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Leading Off
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Openness, curiosity, empathy, balance. Such “soft” character traits are often the trademarks of the best leaders; those they lead are the direct beneficiaries of the care and support that flows from caring bosses. It’s a simple formula, so this week, let’s keep it simple. We’ve collected some of our recent conversations—with poets, coaches, experts, and other leaders—to help you look inward, understand yourself more deeply, and, we hope, pick up some tips to improve yourself and lead better.
It’s time to explore new beginnings and opportunities for transformation
“In the arts and in our professional lives and in our personal lives, newness, innovation only happens through experimentation and play,” says poet and best-selling author Maggie Smith in this video. As familiar as we might like the return from the pandemic to feel, much has changed at work and in our personal lives; adapting may require trying new things and taking the risk of failing. In her collection of poems and essays, Keep Moving (Simon and Schuster, October 2020), Smith celebrates the beauty and strength on the other side of loss. For corporate-social-responsibility expert Susan McPherson, the path to happiness and an antidote to overreliance on technology lies in building deeply personal and meaningful relationships by learning to be more intentional and authentic.
That’s roughly the share of people we consider ambitious who doubt that the effort they are making to be as successful as they can be is actually worth it, according to coach and author Nicolai Tillisch. He says that when he started to look at how to help people perform and achieve ambitious goals, “a whole picture opened up—that this is not just about performance. It really is holistic: you can achieve, but if you don’t have growth and well-being at the same time, it will be really difficult.” For young climbers, as well as those well into their careers, Tillisch calculates ROA (return on ambition), a formula that measures three vital factors: achievement plus growth plus well-being. Also, don’t forget to check yourself against the seven “frenemies” of ambitious people.
“When we are speaking to people whom we love, whom we care about, and they’re experiencing great suffering, we don’t often feel that it’s our job to tell them the exact truth.”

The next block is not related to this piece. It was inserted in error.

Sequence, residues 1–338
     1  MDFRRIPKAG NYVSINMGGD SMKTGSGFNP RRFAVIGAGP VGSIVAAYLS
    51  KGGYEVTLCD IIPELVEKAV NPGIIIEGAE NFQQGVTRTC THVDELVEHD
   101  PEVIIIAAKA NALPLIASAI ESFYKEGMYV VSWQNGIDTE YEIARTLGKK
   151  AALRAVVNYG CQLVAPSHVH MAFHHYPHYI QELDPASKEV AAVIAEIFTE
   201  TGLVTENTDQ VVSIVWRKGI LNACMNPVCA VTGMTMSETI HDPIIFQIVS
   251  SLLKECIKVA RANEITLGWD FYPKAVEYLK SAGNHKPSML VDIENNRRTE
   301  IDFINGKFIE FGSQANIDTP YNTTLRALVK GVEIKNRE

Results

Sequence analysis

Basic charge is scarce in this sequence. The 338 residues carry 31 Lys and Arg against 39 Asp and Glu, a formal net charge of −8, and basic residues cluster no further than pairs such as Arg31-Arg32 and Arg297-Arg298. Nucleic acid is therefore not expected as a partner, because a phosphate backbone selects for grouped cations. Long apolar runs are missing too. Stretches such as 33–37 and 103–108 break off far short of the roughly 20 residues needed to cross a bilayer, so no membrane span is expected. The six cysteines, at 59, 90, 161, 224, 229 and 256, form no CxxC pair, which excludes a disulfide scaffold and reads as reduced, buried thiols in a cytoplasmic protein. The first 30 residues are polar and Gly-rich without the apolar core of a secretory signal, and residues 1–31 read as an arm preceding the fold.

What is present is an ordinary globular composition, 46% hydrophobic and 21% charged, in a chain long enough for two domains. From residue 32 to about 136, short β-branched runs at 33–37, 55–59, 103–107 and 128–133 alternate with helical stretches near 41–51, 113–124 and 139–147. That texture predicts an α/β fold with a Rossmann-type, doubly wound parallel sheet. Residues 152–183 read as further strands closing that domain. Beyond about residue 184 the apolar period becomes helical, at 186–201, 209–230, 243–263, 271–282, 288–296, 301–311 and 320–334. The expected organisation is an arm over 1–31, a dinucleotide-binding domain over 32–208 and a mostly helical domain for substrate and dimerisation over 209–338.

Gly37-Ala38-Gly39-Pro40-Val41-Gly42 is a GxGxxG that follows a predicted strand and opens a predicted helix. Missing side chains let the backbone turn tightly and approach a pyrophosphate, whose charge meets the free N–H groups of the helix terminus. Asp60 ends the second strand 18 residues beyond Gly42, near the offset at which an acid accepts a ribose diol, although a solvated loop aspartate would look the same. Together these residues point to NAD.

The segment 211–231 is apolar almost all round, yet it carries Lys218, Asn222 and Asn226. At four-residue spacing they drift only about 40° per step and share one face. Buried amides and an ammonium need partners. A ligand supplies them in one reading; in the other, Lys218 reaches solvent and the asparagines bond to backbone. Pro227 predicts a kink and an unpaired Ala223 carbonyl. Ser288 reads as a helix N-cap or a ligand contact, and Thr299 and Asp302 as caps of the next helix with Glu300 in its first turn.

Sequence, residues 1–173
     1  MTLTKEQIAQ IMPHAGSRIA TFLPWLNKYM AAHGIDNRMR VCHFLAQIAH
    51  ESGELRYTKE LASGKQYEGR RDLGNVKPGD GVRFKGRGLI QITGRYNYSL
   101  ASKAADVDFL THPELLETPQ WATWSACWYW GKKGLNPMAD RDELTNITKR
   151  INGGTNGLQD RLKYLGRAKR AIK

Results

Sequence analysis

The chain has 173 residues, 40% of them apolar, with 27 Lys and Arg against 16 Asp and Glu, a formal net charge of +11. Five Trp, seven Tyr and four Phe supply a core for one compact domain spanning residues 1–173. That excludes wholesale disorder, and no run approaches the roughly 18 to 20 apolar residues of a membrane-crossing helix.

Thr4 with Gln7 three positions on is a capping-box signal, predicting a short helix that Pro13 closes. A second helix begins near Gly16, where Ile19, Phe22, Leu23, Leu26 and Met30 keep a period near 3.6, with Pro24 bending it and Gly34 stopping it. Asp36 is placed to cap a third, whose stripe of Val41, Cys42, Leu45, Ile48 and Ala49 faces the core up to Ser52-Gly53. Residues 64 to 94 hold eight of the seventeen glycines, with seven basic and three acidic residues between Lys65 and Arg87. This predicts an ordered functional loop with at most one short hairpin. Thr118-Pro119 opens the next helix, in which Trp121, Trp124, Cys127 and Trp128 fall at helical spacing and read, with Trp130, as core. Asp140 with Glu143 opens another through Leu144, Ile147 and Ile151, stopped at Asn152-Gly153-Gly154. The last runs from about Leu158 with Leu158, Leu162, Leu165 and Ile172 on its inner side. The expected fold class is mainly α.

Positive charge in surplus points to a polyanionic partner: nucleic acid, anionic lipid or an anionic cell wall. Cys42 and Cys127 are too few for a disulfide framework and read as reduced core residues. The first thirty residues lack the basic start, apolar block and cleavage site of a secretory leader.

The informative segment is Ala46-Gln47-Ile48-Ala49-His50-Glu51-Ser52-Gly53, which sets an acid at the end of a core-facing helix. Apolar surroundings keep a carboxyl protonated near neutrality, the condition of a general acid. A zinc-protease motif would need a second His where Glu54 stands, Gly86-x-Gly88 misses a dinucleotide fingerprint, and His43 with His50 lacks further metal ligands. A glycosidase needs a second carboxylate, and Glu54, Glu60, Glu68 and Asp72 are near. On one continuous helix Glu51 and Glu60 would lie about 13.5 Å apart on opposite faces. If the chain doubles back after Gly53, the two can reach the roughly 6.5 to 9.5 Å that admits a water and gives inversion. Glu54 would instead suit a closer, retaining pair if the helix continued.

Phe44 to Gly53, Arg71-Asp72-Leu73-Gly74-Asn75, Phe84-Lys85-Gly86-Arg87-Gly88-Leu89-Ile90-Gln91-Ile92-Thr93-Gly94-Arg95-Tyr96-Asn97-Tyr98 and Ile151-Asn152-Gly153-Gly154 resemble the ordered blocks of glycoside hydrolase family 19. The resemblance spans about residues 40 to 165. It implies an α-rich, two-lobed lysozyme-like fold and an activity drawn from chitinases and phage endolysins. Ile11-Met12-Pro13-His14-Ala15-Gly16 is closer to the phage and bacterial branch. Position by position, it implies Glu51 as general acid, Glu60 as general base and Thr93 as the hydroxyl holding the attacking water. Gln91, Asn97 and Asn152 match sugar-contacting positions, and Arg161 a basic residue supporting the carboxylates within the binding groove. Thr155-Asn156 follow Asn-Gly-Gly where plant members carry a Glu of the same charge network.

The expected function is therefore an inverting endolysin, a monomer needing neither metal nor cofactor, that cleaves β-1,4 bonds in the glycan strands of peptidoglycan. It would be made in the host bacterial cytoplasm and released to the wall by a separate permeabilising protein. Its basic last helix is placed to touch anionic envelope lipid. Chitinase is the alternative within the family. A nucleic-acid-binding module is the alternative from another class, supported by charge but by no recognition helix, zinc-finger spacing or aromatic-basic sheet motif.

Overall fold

So says Shankar Vedantam, host of National Public Radio’s Hidden Brain podcast. Around the world, misinformation and the assault on facts and the truth seem destined to become one of the hallmarks of our current age. In this interview based on his new book, Useful Delusions: The Power and Paradox of the Self-Deceiving Brain (W. W. Norton, March 2021), Vedantam argues that, paradoxically, self-deception—normally believed to do harm to us, to our communities, and to the planet—can also play a vital role in our success and well-being.
Mellody Hobson
“Math has no opinion,” Mellody Hobson likes to say. When it comes to understanding and acting on diversity in the corporate world, the president and co-CEO of Ariel Investments and chairwoman of Starbucks pulls no punches. “Corporate America wants partial credit for showing their work but getting the wrong answer,” she says. “But in this area, we want credit for trying.” We think this interview, conducted in February 2020, is worth a second look on our pages because it serves as a clinic in self-reflection for the thoughtful leader. Hobson’s “happy warrior” personal story yields lessons any leader can benefit from—including those on diversity, the absolute importance of honest mentoring, the right way to think about feedback (“It doesn’t help you for someone to tell you that you’re terrific”), and the need from time to time to humbly “crouch to conquer.”
Happy is as happy does
Richard Layard
“The most shocking fact that I’ve come across in happiness research,” says Lord Richard Layard, is that “the time of day or the time in the week that people least enjoy is when they’re with their boss.” In this interview, the renowned economist posits a series of challenges to leaders to find answers to the problem: stop treating happiness as a “fluffy” concept and treat it seriously by measuring it; pay much greater attention to employees’ mental health; understand that a lot of work is either boring or extraordinarily exhausting, and improve it; consider group-performance pay as an alternative to pay systems that set one worker against another.
Lead with reflection.
— Edited by Bill Javetski, an executive editor in McKinsey’s New Jersey office,
with special thanks to Eleni Kostopoulos
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